March 30, 2021
By Matteo Atti
This time last year, global lockdowns were in effect, and very little luxury travel was taking place.
Luxury travelers stayed put in one house or another, which contributed to a widespread decline in travel and hospitality. Three-quarters of businesses in the sector saw net revenue drop at least 60 percent, according to Barton Consulting as reported in VistaJet’s The Future of Private Travel.
Consumers stayed put due to government mandates and serious concerns around the health and safety of oneself, family and others. We were in this together.
Even if one could figure out a way to get up and go while adhering to safety, borders were closed, places to see and things to do were shuttered, and big events, such as Art Basel and the Tokyo Olympics, were cancelled or postponed.
Movers and shakers
Now, a year later, as luxury travel and hospitality begin to recover with the steady roll-out of vaccines in many global markets, customers have a new set of expectations and are facing the reality of a greatly changed travel experience and future. How has luxury consumer behavior been influenced by COVID-19? And how can luxury travel brands respond to this new set of expectations?
Based on a survey of nearly 100 leaders of luxury brands, one of the answers that emerged is that we must work together to offer clients a new level of service, access, privilege and experiences, often in safe, expanded-yet-closed environments. Collaboration will be the key to a successful recovery.
Fear around future pandemics and disruptions in the global ecosystem looms large. And consumers are preparing for it.
Countries are responding to this concern with dual citizenships, many of which are tied to home ownership.
Nearly a quarter of UHNWIs are planning to apply for a second passport or citizenship in 2021, according to the 2021 Knight Frank Wealth Report. This is a 50 percent growth compared to last year.
The pandemic has accelerated the movement toward globalism and collaboration between governments and the private sector. More and more the wealthy see themselves as global partners – citizens of the world.
As vaccines roll out and we become mobile again, luxury travelers have a jam of daunting country-by-country and even city-by-city new policies to navigate.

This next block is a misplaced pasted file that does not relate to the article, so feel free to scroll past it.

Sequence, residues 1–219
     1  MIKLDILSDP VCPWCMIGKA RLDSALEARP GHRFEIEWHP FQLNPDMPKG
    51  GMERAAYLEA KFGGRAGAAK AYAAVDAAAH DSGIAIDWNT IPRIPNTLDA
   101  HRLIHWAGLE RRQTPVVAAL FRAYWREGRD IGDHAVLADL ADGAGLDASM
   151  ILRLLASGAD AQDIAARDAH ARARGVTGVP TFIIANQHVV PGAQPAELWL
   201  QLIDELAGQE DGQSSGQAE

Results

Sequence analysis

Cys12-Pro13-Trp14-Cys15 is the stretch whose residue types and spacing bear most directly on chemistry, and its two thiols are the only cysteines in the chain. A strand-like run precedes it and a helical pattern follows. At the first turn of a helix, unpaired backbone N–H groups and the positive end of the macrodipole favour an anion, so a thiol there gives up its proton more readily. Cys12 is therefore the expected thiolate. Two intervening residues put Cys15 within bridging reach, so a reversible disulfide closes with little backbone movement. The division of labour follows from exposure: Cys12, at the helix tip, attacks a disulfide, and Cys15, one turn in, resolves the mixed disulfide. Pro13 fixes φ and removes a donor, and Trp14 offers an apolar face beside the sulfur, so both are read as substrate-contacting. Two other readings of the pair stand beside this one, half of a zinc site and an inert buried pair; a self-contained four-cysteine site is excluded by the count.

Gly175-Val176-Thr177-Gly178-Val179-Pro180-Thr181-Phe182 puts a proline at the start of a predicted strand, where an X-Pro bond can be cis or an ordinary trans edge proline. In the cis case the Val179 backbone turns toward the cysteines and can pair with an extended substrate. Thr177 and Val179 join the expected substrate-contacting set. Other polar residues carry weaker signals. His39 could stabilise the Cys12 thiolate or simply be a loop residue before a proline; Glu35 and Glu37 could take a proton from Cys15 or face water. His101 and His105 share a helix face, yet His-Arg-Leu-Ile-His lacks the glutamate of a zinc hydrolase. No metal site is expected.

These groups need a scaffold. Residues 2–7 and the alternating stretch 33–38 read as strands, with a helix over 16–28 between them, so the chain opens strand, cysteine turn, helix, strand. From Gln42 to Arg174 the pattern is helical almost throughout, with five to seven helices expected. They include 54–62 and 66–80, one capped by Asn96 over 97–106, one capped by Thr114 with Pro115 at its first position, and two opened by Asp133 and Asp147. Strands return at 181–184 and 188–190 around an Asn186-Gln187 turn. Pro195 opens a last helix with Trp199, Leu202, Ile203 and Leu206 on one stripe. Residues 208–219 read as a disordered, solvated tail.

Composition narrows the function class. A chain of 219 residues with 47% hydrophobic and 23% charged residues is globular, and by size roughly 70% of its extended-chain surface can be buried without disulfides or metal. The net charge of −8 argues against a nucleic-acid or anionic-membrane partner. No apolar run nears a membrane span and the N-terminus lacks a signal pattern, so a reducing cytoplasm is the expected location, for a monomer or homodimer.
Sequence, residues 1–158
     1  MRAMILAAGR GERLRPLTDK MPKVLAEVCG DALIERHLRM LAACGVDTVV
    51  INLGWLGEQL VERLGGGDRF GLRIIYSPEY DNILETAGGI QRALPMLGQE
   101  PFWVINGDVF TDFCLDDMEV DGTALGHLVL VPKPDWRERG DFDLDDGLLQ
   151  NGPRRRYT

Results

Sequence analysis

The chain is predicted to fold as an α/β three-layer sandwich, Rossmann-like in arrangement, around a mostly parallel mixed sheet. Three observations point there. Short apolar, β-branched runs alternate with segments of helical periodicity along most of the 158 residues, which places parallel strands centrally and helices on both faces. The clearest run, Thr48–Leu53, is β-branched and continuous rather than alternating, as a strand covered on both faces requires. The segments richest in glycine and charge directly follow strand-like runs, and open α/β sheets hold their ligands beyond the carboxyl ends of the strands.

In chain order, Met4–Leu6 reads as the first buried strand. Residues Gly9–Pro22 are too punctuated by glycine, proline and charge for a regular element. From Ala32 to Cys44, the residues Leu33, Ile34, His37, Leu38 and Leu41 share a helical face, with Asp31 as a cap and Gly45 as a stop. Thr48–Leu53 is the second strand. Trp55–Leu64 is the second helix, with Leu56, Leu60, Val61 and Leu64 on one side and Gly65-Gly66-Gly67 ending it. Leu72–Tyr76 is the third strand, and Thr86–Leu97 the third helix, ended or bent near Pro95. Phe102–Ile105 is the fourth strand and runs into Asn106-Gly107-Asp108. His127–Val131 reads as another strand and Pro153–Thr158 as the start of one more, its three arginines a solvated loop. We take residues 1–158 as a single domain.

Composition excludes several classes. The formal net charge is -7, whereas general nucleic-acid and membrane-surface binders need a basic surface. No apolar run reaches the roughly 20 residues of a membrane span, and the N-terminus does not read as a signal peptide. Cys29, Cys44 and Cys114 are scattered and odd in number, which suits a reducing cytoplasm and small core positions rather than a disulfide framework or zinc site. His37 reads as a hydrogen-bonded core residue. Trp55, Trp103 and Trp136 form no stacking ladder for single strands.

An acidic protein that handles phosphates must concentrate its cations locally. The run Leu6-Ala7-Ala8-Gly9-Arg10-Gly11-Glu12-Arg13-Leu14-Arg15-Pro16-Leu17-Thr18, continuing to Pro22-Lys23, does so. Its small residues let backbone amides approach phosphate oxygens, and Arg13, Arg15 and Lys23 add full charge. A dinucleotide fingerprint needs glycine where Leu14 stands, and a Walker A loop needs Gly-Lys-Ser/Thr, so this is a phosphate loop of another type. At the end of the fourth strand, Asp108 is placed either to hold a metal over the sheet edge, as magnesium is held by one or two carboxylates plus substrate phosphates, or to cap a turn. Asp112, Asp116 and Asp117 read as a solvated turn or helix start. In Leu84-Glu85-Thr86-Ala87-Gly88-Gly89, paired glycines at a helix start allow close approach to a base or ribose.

A last-minute change in a government COVID policy may necessitate a jet swap, an alternative chalet, new vacation household staffing, a revaluation of safety protocols or the resubmission of documents for custom clearance.
Allies will fly
A strong partnership network between flight, housing and staffing providers, along with open channels to government entities for information and problem-solving, can move quickly to address these needs.
The savvy luxury travel provider will understand all of this, including dual passports and citizenship, the exemptions that exist for business travel and house-hunting, as well as rules around pre-flight PCR testing and COVID-vaccine passports.
There are also restrictions on nationalities, points of departure and places recently visited that need sorting out. As lockdowns are lifted and borders opened, consumers will need up-to-date information.
“Partnerships are key to success,” said Lisa Selvin Aparicio, director of global sales at Rosewood Hotels and Resorts, adding we need to be with a partner “who has the same understanding of our clients that we do.
“Our guests should be confident that they should be able to relax and enjoy their time, because we don’t want to deprive them of that perfect experience,” she said.
Perhaps for this reason, three-quarters of luxury travel brands believe industry partnerships will increasingly benefit clients for future travel.
A full-service luxury vacation home company confirmed that partnerships will be “critically important,” representing a network of businesses “who can trust us with their clients and who we can trust with ours.”
Even if private jets are experiencing an unprecedented demand, we are unlikely to see a V-shaped rebound for ultra-luxury travel this year.
This insight gives us a clearer sense of the amount of help that consumers will need to travel again.
As industry players compete to win the loyalty of returning luxury travelers, strengthening one’s network of collaborations and partnerships to deliver an integrated, turnkey and seamless experience will help.
An added benefit of the collaborative business model is that it also provides more opportunities, benefits and perks to customers.
As we rebuild for a world shaped by the current pandemic, expect to see collaborations and partnerships play an increasingly significant role in the global ecosystem of luxury and private travel.
Matteo Atti is London-based executive vice president of marketing and innovation at VistaJet and adjunct professor for luxury business at the International University of Monaco. Reach him at firstname.lastname@example.org.